Partitions by Appraisal Now Easier in California


A partition action is the procedure for segregating and terminating common interests in the same parcel of real property, resulting in either: (1) a physical division of the property; (2) a sale of the property and a division of the proceeds; or (3) a partition by appraisal whereby one cotenant acquires the interests of the other cotenants based on a court ordered and supervised appraisal.[1] California courts have established that consent by cotenants is not required to partition a property by sale because the right to partition is absolute. For owners of real property where title is held in a cotenancy capacity, the prospect of another cotenant seeking a partition and forced sale of the property can be nightmarish. The Partition of Real Property Act (“Act”), which applies to partition actions filed on or after January 1, 2023[2], should allow such non-petitioning cotenants to rest a little easier.

The Act, codified at §§ 874.311-874.323 of the California Code of Civil Procedure, is designed to prevent dispossession of property by way of a forced sale by replacing the Uniform Partition of Heirs Property Act (“UPHPA”). The UPHPA applied to “heirs property” for which there was no written agreement governing partition among the owners. The UPHPA had preserved the right of a cotenant to sell their interest in inherited real estate, while ensuring that the other cotenants had the necessary due process to prevent a forced sale: notice, appraisal, and right of first refusal.[3]

The Act maintains this same goal while expanding its application to “real property held in tenancy in common where there is no agreement in a record binding all the cotenants which governs the partition of the property.”[4] Put plainly, the Act removes the condition under the UPHPA that required the property to have been inherited property, thus expanding the scope of partition actions far beyond those included in the UPHPA and allowing for added opportunities for non-partitioning parties to purchase the partitioning parties’ interest through partition by appraisal.

Except where (1) the cotenants have agreed in writing to the value of the subject property or (2) the court determines that the evidentiary value of an appraisal is outweighed by the cost of the appraisal, the court determines the fair market value of the property by ordering an appraisal.[5] Where the court orders an appraisal, the court must appoint a disinterested real estate appraiser licensed in the State of California to determine the fair market value of the property, assuming sole ownership of the fee simple estate.[6] Not more than ten (10) days after such appraisal is filed, the court then sends notice to each cotenant with a known address, stating all of the following:

(1) The appraised fair market value of the property;

(2) That the appraisal is available at the court clerk’s office; and

(3) That a party may file with the court an objection to the appraisal not later than 30 days after the notice is sent, stating the grounds for the objection.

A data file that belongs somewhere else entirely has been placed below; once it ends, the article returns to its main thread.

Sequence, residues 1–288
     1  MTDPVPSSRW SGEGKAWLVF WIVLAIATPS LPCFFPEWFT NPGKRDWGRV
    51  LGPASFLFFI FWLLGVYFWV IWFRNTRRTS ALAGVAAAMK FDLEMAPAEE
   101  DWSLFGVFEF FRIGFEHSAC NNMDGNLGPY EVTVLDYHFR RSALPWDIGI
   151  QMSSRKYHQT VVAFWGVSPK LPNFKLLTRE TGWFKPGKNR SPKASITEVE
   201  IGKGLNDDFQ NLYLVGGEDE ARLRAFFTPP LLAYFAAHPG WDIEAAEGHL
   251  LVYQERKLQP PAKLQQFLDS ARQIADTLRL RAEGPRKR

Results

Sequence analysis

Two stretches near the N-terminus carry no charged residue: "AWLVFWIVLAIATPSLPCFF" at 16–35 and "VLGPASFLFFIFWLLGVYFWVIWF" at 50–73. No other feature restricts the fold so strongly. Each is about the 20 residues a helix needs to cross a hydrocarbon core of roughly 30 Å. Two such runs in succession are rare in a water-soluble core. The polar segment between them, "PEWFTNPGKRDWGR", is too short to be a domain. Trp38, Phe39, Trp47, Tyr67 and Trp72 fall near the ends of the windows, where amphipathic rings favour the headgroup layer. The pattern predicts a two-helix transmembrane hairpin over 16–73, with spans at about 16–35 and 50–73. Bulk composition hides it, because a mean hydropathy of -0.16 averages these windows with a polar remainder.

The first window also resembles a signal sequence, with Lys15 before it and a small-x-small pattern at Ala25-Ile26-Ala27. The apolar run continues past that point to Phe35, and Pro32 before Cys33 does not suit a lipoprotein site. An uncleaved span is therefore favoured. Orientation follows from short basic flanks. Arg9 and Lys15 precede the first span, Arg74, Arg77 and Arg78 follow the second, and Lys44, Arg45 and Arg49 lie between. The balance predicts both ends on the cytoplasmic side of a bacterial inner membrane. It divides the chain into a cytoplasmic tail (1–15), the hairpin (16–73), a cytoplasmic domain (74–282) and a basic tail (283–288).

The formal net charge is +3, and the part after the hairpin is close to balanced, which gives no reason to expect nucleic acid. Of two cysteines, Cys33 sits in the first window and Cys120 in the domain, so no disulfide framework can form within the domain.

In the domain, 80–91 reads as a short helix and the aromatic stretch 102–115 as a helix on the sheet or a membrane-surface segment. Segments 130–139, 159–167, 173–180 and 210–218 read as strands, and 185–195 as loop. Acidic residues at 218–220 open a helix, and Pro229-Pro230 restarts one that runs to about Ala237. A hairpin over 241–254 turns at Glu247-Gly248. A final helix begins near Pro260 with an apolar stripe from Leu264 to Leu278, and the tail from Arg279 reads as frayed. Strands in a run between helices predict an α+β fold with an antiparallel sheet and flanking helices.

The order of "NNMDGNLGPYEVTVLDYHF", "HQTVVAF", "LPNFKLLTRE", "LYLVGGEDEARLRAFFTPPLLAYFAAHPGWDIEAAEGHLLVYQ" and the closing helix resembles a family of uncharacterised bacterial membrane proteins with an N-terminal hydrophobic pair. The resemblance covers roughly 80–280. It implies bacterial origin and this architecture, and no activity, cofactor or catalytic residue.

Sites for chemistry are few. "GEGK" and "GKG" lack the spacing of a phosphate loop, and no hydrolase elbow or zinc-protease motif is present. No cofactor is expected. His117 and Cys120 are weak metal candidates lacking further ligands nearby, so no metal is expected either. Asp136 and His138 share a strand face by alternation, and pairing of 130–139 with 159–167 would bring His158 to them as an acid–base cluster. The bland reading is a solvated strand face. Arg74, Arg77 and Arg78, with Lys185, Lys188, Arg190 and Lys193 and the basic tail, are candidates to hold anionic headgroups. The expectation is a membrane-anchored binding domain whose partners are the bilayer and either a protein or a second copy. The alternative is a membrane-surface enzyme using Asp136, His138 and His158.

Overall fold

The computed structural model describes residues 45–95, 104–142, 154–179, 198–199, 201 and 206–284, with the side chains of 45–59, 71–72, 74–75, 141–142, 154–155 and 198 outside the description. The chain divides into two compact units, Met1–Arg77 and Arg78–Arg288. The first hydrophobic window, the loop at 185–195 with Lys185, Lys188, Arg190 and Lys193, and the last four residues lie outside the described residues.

Cal. Code Civ. Proc. § 874.316(e).

Thereafter, the court conducts a hearing to determine the fair market value of the property at least thirty (30) days after a copy of the notice of appraisal is sent to each cotenant with a known address, whether or not an objection to the appraisal is filed.[7] In addition to the court-ordered appraisal, the court may consider any other evidence of value offered by a party. Finally, after the hearing but before considering the merits of the partition action, the court must determine the fair market value of the property and send notice to the cotenants of such value.[8]

Whether used to resolve a dispute between co-owners, avoid potential issues with a new, unknown cotenant, or simply as a method of further investment, the Act now provides non-heir cotenants with a clear path to buy out their fellow cotenants’ property interest. As a practical matter, it is recommended that cotenants agree in writing to the method of valuation to be used in the event of a future partition action, rather than relying on the court and its chosen appraiser.

[1] Cal. Code Civ. Proc. §§ 873.210-873.980.

[2] Cal. Code Civ. Proc. § 874.311(c).

[3] Conf. of Comm’rs on Uniform State Laws, The Uniform Partition of Heirs Property Act – A Summary, 2010.

[4] Cal. Code Civ. Proc. § 874.311(b).

[5] Cal. Code Civ. Proc. § 874.316(a)-(c).

[6] Cal. Code Civ. Proc. § 874.316(d).

[7] Cal. Code Civ. Proc. § 874.316(f).

[8] Cal. Code Civ. Proc. § 874.316(g).


Authored by Reuben, Junius & Rose, LLP Attorney Michael Corbett.

The issues discussed in this update are not intended to be legal advice and no attorney-client relationship is established with the recipient.  Readers should consult with legal counsel before relying on any of the information contained herein.  Reuben, Junius & Rose, LLP is a full service real estate law firm.  We specialize in land use, development and entitlement law.  We also provide a wide range of transactional services, including leasing, acquisitions and sales, formation of limited liability companies and other entities, lending/workout assistance, subdivision and condominium work.